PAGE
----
What’s more, the relationship between Erdogan and Trump’s partner, Dogan, is not an even one. Although Dogan is one of Turkey’s wealthiest men, he is not nearly as powerful as Erdogan. In 2009, as part of what was described in press reports as a feud between the two men, Dogan’s company was fined $2.5 billion for tax violations. At the time, the media empire controlled by Dogan was widely seen as critical of Erdogan; the Turkish president characterized Dogan’s publications as “newspapers that print lies.” Dogan later settled the tax case, and Erdogan attended the opening of the Trump Towers in 2012.

When he ran for office, Trump said he would handle conflicts of interest like this by turning over his businesses to his children. He didn’t. Instead, he simply stepped away from the daily operations of his business empire, but he retains full ownership of almost all of the assets, including the licensing company that collects royalties from Dogan.

Taxes Are Down For the Rich Yet Again

David Leonhardt presents us with a chart today based on data from a new book by Emmanuel Saez and Gabriel Zucman. It shows the effective total tax rate for all income levels in the United States. This includes all state, federal, and local taxes:

The effect of the latest Republican tax cut shows up in the 2018 line: the very richest Americans now pay a total effective tax rate of 23 percent. The poor and the middle classes, by contrast, pay about 25 percent. As you can see, the tax rate for the rich has been dropping steadily for half a century.

The federal income tax code, of course, remains progressive. But it’s no longer progressive enough to make up for payroll taxes and local sales taxes, which have always been regressive. As a result, conservatives have finally reached their dream of a flat tax by stealth. It makes you feel all warm and fuzzy inside, doesn’t it?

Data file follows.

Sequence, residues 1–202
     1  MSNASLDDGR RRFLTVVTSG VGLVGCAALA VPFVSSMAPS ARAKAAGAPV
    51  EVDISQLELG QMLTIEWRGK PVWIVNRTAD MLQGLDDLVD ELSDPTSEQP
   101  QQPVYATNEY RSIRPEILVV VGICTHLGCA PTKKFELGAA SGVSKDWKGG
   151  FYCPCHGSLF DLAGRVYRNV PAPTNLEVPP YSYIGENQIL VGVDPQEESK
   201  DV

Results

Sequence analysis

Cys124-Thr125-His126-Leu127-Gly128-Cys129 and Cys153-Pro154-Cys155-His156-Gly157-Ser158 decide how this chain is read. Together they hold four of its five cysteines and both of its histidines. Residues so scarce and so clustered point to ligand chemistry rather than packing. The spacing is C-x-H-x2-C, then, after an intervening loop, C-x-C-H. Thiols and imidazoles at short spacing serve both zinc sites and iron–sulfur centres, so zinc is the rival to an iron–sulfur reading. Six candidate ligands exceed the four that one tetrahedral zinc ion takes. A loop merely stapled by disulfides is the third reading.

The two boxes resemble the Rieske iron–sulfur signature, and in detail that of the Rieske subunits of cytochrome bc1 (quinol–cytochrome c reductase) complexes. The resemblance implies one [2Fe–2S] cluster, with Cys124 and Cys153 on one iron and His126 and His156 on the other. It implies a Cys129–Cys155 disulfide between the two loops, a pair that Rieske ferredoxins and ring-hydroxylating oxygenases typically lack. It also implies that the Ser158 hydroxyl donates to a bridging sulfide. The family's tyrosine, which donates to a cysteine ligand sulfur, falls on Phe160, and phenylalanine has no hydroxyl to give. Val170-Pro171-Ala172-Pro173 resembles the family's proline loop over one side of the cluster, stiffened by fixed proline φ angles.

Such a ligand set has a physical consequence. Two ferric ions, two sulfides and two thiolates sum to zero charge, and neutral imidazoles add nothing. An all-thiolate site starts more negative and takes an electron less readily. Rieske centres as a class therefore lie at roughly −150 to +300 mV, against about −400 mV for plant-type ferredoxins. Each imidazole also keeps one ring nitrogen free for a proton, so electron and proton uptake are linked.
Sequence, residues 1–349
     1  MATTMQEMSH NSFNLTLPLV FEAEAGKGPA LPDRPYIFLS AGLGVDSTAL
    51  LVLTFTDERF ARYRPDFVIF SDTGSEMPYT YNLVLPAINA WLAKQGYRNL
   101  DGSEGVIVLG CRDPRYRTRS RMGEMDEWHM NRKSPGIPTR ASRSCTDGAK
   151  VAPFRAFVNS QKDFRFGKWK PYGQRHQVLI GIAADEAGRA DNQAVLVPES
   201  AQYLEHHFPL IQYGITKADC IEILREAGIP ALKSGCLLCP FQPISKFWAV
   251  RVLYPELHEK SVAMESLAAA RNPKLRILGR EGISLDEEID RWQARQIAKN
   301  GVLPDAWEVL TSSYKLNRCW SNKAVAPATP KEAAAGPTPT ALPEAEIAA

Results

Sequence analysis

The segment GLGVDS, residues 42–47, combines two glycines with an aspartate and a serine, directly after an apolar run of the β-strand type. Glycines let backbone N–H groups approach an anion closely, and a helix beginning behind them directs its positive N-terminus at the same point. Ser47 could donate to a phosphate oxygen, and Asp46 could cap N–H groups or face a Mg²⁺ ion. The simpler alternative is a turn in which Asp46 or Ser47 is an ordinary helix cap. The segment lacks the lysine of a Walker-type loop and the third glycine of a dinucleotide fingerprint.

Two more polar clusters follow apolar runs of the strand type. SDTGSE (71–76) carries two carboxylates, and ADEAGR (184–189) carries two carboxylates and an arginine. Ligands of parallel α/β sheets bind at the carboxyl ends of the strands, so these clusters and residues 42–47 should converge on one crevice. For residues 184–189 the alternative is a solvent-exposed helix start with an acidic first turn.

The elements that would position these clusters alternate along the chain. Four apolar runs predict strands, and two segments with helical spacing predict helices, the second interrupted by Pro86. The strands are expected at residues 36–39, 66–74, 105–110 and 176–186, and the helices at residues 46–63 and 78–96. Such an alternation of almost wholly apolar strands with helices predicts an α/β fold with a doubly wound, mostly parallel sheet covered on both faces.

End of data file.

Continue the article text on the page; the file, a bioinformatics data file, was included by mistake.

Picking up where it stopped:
Health Note: Blood Pressure Edition

I’m at the infusion clinic this morning waiting for my monthly dose of high-tech cancer fighters. As usual, they took my blood pressure before we started. It was 142/83. Too high! So, again as usual, they took it again. Two minutes later, in exactly the same position with exactly the same machine, it registered 115/78.

Once again, I’m left wondering just what’s going on. Did my blood pressure really change that much over the course of 120 seconds? Does the machine have a really wide range of accuracy? Or what?

Racists in One of America’s Richest Counties Are Freaking Out Over a “Forced Busing” Proposal

“Blacks destroy school systems and schools,” read one letter to county officials about the busing plan. “Black families (as a core group) don’t value education like other cultural groups,” read another. “The Black Community needs to take responsibility for the behavior of its people,” a third declared, “or the white man will take them back to place where they don’t want to go.” Don’t worry, though. The writer insisted they were not being racist.

These letters were written in recent months in response to a Howard County (Maryland) Council resolution calling on the county school system to desegregate its schools. The letters’ target was a comprehensive redistricting proposal offered by Howard County schools superintendent Michael Martirano. The plan would ease overcrowding and, in Martirano’s words, “substantially improve equity and access to the best educational services” in the county’s schools. By redistributing students around the district and balancing the number of poor students in the district’s schools, the proposal would make the schools more economically integrated, and thus—in theory—more racially integrated.